Sweet has an ad-blocker app on her browser. These movie ads are woven into the site content in such a way that her daughter sees — and responds to them — anyway, she says.
“We occasionally introduce limited-time promotions so that our Webkinz World members can enjoy fun, unique activities and events,” says Susan McVeigh, a Ganz spokeswoman, in an e-mail.
But Elizabeth Sweet isn’t the only parent who’s unhappy with how and what Webkinz markets to kids.
Last month, Christina Cunningham, a full-time mother from Port St. Lucie, Fla., happened to look over as two of her daughters — ages 9 and 7 — were signing onto the Webkinz website. On the log-in screen, an ad flashed for BabyPictureMaker.com, which nudges consumers to download pictures of two people — promising to send back a picture of what a baby they might have together would look like.
“This is not acceptable,” says Cunningham, who shooed her kids away from the site and fired off an e-mail to Webkinz. When she didn’t hear back, she sent another. Again, she says, she received no response. But McVeigh says Webkinz e-mailed Cunningham responses, twice. A frustrated Cunningham contacted Campaign for a Commercial-Free Childhood. The group contacted Webkinz, which removed the ad. “We will make sure to open an investigation into the matter and take the appropriate steps,” spokeswoman McVeigh assured the group in a letter.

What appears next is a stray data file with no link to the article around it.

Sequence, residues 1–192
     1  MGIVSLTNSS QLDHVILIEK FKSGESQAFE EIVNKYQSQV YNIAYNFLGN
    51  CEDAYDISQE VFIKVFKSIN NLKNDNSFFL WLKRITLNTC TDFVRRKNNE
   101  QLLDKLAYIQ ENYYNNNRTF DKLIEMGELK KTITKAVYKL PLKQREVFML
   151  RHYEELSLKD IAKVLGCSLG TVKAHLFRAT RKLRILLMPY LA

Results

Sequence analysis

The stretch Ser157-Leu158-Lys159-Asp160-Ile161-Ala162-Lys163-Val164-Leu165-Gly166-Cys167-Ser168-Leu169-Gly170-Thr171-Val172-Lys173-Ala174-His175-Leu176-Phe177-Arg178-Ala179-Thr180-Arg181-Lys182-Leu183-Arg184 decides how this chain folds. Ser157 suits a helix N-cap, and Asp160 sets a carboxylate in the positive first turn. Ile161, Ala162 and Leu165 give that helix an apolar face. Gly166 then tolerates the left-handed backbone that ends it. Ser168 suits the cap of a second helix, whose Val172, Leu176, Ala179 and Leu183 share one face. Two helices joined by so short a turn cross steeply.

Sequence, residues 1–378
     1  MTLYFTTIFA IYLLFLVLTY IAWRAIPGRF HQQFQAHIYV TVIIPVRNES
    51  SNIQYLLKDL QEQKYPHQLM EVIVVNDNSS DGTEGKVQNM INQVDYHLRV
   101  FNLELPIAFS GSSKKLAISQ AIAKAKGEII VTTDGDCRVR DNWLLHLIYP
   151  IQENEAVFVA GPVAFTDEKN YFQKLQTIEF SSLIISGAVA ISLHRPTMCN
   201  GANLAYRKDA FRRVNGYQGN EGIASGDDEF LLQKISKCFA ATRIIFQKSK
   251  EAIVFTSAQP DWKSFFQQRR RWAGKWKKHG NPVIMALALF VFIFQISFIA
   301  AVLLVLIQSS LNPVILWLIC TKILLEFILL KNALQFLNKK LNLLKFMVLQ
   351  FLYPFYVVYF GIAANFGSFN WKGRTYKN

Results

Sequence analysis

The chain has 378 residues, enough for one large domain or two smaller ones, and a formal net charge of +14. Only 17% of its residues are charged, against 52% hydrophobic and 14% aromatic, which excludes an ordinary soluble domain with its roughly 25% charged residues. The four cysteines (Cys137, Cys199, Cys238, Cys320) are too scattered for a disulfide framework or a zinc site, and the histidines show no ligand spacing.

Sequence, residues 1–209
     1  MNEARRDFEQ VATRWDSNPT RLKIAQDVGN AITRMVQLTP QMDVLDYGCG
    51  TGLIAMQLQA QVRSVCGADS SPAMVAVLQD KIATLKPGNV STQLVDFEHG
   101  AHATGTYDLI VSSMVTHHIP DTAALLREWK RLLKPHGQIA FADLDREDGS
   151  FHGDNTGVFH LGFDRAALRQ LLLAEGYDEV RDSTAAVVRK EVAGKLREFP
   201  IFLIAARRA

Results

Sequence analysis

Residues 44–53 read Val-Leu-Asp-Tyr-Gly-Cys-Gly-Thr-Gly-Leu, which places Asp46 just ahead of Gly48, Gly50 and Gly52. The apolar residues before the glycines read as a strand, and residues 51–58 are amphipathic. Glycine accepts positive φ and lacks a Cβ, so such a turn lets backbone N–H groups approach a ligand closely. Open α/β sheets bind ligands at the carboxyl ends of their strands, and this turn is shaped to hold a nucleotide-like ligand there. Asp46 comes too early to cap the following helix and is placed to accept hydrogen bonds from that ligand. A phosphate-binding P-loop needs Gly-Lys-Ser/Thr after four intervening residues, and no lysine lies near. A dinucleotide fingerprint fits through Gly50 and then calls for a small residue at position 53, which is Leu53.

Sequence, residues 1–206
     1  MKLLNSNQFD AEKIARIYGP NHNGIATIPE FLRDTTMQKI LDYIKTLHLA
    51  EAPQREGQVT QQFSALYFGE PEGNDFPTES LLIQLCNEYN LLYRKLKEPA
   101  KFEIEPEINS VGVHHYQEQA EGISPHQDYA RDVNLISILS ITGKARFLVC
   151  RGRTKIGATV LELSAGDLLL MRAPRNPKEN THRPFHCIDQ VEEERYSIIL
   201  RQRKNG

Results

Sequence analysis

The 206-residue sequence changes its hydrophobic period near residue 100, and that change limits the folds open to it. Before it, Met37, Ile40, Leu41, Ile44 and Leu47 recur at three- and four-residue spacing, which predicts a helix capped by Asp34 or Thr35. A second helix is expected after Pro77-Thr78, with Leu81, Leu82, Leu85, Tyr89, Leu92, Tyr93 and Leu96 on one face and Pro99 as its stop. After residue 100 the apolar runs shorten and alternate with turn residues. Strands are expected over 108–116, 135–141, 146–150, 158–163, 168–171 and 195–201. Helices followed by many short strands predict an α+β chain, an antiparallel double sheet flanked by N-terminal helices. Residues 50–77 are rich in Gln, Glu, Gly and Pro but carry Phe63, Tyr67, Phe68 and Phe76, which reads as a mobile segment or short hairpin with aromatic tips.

The fast-food connection
Webkinz declined to share the outcome of this investigation with USA TODAY — nor would it explain how the ad got on the site. “We’re fully committed to a responsible approach regarding advertising and the advertisers we allow on the site,” says McVeigh, in an e-mail.
But in the eyes of some parents, no one goes more over the top in marketing to kids than the big food sellers — particularly sellers of high-sugar cereals and high-fat, high-calorie fast food.
That’s one reason the Obama administration is proposing that foodmakers adopt voluntary limits on the way they market to kids.
These proposed voluntary guidelines, to be written by a team from four federal agencies, have set the food and ad industries howling — even before they’ve been completed.
“I can’t imagine any mom in America who thinks stripping tigers and toucans off cereal boxes will do anything to address obesity,” said Scott Faber, a spokesman for the Grocery Manufacturers Association, at a May hearing.
But Wayne Altman thinks the voluntary guidelines are critical.
He’s a family physician in the Boston area who has three sons ages 13, 5 and 4. He’s particularly concerned about Ronald McDonald. “We know that children under 8 have no ability to establish between truth and advertising,” he says. “So, to have this clown get a new generation hooked on a bad product just isn’t right.”
Because of the obesity, heart disease and food-related illnesses fed partly by savvy food marketers such as McDonald’s, Altman says, “We have a generation of children that is first to have a life expectancy less than its parents.”
Plenty of others think as Altman does, even though Ronald is regularly used to promote Ronald McDonald House Charities. Ronald also shows up in schools. He’s got his own website, Ronald.com, where the clown promises that kids can “learn, play and create while having fun.” And he’s the focal point of a new social-media campaign that nudges kids to download their own photos with images of Ronald and share them with friends.